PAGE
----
Most local planning authorities in Wales will want developers to ensure that BNG is achieved on-site. In some circumstances, this cannot be achieved, and it is simply not possible. However, this does not mean that the local planning authorities will automatically refuse a planning application.

Instead, the local planning authority may grant planning consent if developers are able to deliver sufficient biodiversity net gain using offsite biodiversity habitat enhancement.

Developers may be given the option of purchasing biodiversity credits through funding schemes that will generate the equivalent number of units in other areas.

The biodiversity net gain credits purchased will then be invested into habitat creation and enhancement.

Natural England is currently supporting the design of the credits scheme by developing payment structures and a BNG credit investment pipeline to fund habitat provision.

How Can Collington Winter Assist with BNG in Wales?

Collington Winter Environmental are experts in BNG planning and have helped numerous Wales-based clients over the years. It is important to note that this varies across each local planning authority in the country. Completing net gain for biodiversity through development is something that we are qualified and experienced in.

We assist all types of developers in achieving BNG to ensure planning permission is granted in Wales.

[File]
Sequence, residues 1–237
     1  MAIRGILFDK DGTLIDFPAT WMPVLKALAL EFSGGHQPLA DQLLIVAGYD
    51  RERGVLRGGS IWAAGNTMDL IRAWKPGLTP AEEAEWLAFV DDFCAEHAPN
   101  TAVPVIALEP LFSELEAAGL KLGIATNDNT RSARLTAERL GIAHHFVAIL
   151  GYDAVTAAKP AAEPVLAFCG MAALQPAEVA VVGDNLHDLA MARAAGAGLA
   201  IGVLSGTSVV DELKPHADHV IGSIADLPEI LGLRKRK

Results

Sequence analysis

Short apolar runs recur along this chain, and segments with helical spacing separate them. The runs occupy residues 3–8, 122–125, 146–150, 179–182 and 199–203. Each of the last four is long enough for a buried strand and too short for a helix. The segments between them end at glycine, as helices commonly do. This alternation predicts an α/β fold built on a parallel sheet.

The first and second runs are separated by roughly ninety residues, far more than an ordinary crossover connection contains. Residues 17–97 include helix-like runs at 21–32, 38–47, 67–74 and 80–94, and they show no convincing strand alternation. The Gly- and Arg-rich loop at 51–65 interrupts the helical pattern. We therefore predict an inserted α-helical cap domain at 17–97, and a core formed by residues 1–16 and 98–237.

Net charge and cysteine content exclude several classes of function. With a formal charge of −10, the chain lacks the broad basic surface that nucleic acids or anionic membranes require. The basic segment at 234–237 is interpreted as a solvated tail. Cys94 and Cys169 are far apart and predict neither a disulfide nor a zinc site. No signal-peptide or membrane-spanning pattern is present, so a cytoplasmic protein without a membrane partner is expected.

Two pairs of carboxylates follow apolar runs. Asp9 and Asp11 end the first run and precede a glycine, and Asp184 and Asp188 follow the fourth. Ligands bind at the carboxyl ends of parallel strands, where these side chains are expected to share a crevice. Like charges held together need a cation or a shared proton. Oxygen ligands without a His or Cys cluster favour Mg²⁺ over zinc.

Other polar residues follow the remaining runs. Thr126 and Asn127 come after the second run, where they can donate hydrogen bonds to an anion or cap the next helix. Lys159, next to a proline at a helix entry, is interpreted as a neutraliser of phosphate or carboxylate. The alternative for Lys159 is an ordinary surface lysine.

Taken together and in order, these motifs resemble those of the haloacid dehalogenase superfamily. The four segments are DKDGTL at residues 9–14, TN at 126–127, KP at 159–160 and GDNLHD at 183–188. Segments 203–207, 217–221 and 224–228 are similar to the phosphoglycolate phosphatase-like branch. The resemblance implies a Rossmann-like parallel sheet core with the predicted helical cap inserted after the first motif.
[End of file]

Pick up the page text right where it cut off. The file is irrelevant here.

We are determined to offer you the support you need in order to reach the required mandatory biodiversity bracket. If you would like to find out more about biodiversity net gain, Wales, feel free to contact us using the details below.

We can assist with biodiversity net gain by providing: 

Please get in touch if you would like further information about BNG. We can also develop land management plans. We are happy to offer free CPD sessions on the BNG principles and how we can help your schemes achieve this.

Our Ecology Director, Olivia Collington, holds a Natural England license. If you would like to find out more about the ecosystem services we provide, feel free to contact us using the details below.

Contact Us

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Future Business Centre, Cambridge Campus, Kings Hedges Road, Cambridge, CB4 2HY